Union takes legal action over South Africa mine restarts

South Africa’s Association of Mineworkers and Construction Union has taken legal action over what it described as resources minister Gwede Mantashe’s “staggering decision” to send miners back to work with no meaningful regulation to protect them from COVID-19.
Union takes legal action over South Africa mine restarts Union takes legal action over South Africa mine restarts Union takes legal action over South Africa mine restarts Union takes legal action over South Africa mine restarts Union takes legal action over South Africa mine restarts

Image: Unsplash/Bill Oxford

Ngaire McDiarmid

"AMCU believes that this failure will jeopardise the health of a quarter million mineworkers, as well as their host communities," it said, requesting the matter be heard urgently.

Most mines were shuttered as the country entered a 21-day lockdown in March but Mantashe said last week mines could now operate at 50% capacity after the lockdown was extended to April 30.

The AMCU said authorities had not exercised their powers to impose binding regulations on employers, to protect mineworkers from the pandemic.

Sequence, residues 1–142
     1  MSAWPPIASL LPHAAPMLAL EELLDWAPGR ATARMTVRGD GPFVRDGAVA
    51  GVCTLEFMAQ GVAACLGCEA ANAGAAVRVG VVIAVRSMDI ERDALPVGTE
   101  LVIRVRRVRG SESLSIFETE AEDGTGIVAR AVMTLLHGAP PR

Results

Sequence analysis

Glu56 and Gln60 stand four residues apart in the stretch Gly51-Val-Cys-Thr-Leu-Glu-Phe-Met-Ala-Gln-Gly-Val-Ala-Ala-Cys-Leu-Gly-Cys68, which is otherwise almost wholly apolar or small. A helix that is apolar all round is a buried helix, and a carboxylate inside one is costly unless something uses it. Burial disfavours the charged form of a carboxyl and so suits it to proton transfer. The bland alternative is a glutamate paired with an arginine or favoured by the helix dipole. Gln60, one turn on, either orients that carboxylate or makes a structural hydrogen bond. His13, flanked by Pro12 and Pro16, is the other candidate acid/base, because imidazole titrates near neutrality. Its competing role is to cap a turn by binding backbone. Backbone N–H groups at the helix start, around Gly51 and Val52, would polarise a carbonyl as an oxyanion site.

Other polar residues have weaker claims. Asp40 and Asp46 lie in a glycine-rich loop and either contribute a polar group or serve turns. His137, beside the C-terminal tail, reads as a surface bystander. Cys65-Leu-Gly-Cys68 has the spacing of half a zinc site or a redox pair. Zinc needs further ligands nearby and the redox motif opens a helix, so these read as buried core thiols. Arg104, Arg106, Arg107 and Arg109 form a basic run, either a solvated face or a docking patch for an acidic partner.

It said the provisions currently in place "fell short" and mining companies had responded differently to implementing risk mitigation measures.

In the papers submitted to the court, the AMCU included expert opinions from leading health figures who said a binding, national standard was required.

The AMCU also said the unlocking of mines had caused "utter confusion".

It referred to the charges laid against Impala Platinum for recalling workers last week, allegedly in contravention of regulations, and included a letter from the police union to the police minister asking for "clear directives on the permissions they [miners] are alleging they have to operate".

The AMCU said it was not opposing or trying to obstruct the return to work for the mining sector but wanted to protect members' rights to health and safety.

The union has named Mantashe, the chief inspector of mining, the Minerals Council of South Africa and the minister of cooperative governance and traditional affairs as respondents, and said the first three had given notice of their intent to oppose the application.

The AMCU tweeted a short while ago the Labour Court had granted an order setting down its application to April 29.

The union had brought another application against the mines department, asking the High Court to set aside the minister's decision to exempt 129 mines from COVID-19 regulations for being essential mining services.

However, it said the issue had become less urgent since the amendments allowing mines to ramp up, and it would formally remove the matter from the urgent role "to be argued later during the normal course".